By Faye Martins
Many studies have recently shown, much to the delight of the yoga community, that mindfulness meditation is scientifically verified to help reduce anxiety. It is sometimes called mindfulness-based stress reduction, or MBSR, when studied in a scientific setting, but it is a mindful form of meditation through and through. These studies show particular promise for mindfulness meditation in the treatment of Social Anxiety Disorder, or SAD, and in combination with cognitive behavioral therapy. Hybrids between cognitive behavioral therapy and mindfulness meditation have even been developed, called mindfulness-based cognitive therapy. Participants who undergo mindfulness-based cognitive therapy are found to have a reduction not only in anxiety symptoms, but also depression symptoms.
Research into the effect of meditation on social anxiety has revealed a mindful form of meditation can actually change the self-image of participants. In one study headed by psychology researcher Philippe Goldin, participants meditated and then were told to select adjectives that described them. After meditation, they were more likely to select adjective such as “admired” or “loved” but less likely to pick adjective such as “coward” or “afraid.” In fact, participants showed favor toward all positive words after meditation. This suggests a mindful meditation actually bestows a feeling of well being on the practitioner, with radical psychological consequences, rather than simply raising awareness or giving the practitioner more tools.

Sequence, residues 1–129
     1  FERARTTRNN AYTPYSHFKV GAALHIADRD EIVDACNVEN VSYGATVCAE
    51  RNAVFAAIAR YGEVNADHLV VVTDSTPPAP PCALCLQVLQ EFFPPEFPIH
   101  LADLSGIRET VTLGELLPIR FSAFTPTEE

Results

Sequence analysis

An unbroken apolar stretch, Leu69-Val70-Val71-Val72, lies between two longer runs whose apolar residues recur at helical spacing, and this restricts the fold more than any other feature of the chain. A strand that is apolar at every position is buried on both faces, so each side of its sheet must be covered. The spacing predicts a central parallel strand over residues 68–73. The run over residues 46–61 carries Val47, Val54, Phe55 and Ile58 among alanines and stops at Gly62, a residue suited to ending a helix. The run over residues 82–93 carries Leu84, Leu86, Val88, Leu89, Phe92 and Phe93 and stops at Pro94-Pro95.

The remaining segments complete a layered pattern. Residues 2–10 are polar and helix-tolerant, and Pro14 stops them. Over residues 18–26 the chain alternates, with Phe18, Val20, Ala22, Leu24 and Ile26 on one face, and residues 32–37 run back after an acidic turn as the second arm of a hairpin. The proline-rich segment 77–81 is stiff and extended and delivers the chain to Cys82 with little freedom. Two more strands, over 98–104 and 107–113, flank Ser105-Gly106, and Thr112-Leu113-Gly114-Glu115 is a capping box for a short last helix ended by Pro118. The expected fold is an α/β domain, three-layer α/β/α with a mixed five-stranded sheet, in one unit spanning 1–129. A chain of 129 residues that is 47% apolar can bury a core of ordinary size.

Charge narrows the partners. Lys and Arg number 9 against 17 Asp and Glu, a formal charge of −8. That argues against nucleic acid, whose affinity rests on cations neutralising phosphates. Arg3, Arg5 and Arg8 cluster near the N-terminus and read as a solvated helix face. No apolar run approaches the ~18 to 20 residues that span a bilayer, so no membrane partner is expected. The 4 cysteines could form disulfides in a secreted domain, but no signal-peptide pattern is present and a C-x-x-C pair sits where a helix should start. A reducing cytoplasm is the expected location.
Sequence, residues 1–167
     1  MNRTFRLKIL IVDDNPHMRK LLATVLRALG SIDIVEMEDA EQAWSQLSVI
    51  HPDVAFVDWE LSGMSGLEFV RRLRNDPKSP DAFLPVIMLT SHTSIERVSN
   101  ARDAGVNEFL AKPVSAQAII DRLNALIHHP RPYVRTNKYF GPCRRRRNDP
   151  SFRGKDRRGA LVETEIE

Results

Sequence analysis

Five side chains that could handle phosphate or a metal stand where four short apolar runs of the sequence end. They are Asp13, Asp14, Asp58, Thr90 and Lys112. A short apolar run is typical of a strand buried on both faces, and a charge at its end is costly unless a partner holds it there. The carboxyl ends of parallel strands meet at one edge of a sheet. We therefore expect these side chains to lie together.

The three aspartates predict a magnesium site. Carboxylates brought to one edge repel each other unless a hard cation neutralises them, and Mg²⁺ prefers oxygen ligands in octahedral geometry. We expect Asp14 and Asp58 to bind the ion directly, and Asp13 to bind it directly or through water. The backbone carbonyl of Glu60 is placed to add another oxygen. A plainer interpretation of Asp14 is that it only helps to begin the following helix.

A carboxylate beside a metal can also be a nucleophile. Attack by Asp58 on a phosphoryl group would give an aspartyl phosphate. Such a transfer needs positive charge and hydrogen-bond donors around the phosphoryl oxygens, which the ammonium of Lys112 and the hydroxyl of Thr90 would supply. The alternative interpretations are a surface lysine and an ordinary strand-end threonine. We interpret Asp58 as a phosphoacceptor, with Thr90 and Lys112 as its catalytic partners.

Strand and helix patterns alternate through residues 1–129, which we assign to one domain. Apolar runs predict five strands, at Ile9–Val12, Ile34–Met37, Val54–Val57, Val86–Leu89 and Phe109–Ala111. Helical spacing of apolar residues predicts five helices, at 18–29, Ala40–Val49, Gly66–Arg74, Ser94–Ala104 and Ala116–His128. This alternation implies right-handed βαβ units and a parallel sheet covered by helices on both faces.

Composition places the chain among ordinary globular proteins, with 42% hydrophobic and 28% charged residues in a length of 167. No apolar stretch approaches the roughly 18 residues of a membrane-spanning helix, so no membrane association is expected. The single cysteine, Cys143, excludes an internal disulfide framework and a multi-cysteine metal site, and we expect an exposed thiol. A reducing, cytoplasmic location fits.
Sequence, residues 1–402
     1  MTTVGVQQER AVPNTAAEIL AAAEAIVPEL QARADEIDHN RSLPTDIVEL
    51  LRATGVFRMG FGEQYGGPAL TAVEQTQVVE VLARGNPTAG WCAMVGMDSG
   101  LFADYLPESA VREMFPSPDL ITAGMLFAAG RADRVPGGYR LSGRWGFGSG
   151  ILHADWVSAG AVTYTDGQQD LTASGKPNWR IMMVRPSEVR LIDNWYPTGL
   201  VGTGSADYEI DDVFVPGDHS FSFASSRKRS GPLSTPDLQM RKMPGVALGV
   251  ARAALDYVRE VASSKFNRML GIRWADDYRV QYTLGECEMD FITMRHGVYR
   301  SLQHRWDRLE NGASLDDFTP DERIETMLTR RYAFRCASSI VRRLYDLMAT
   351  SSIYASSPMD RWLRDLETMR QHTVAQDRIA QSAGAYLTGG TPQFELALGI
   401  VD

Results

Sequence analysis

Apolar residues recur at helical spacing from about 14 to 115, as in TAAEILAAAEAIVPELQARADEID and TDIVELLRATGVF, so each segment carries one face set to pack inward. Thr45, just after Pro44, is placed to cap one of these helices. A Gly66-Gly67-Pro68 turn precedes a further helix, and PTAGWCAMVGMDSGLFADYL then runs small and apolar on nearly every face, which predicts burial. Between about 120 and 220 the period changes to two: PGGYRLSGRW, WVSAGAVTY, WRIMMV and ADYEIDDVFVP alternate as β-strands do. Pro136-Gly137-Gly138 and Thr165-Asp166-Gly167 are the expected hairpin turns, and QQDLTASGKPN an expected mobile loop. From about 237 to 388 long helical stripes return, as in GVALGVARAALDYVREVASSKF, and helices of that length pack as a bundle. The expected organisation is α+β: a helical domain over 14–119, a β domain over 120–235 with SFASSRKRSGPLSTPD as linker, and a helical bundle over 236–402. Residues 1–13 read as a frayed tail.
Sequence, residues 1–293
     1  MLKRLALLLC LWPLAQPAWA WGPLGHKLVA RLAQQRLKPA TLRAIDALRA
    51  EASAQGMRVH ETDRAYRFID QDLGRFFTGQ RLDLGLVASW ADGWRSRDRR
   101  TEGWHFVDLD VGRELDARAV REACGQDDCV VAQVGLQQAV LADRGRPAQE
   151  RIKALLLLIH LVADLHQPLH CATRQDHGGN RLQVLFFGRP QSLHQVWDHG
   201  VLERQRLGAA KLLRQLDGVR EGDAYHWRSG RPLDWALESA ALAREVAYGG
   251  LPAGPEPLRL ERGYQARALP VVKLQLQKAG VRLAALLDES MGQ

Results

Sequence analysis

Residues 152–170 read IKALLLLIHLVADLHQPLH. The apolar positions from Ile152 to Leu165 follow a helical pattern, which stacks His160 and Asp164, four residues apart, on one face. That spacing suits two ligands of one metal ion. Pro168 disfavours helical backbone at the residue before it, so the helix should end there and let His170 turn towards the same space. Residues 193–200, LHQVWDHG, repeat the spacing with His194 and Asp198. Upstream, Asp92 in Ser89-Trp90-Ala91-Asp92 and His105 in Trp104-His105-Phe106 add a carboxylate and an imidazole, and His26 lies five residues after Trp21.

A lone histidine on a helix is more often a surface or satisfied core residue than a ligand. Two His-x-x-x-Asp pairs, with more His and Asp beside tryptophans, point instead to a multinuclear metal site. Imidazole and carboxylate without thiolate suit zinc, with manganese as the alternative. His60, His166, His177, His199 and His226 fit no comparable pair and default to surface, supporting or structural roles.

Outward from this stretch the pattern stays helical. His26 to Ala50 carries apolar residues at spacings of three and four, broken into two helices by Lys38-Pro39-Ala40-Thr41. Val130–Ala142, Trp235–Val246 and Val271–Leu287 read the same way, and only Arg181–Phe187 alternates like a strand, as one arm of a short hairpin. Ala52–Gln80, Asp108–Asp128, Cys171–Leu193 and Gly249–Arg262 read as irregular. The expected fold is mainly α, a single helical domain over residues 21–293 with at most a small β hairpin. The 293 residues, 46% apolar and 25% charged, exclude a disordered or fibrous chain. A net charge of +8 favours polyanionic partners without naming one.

The effect of self-knowledge and awareness certainly shouldn’t be underestimated either. Long touted as the primary psychological benefit of being mindful during meditation, it has far-reaching consequences, particularly for social anxiety sufferers. Since anxiety is formed from negative emotions in the past and unhelpful projections into the future, bringing awareness to the moment cuts off the main mechanism of social anxiety, and indeed anxiety in general. Those who practice mindfulness meditation learn to see their thoughts for what they are, simply thoughts and not necessarily truths. This helps anxiety sufferers detach from the spiral of negative thoughts that so often causes anxiety, freeing their emotions to respond to other things. Eventually, this can stop the habitual cycle of self-defeating thoughts all together.
To practice mindfulness meditation only takes ten minutes out of your day. Some meditate for longer periods, and some meditate for shorter periods, but ten minutes is the recommended time to help with psychological issues. Simply find a quiet place to sit or lie down, and close your eyes. Concentrate on each breath. Thoughts will arise; simply observe them. With continued practice, you’ll learn much about yourself and improve your quality of life. Though this form of meditation really is as simple as that, it can help to have a teacher or course as a beginner if only for your own confidence.
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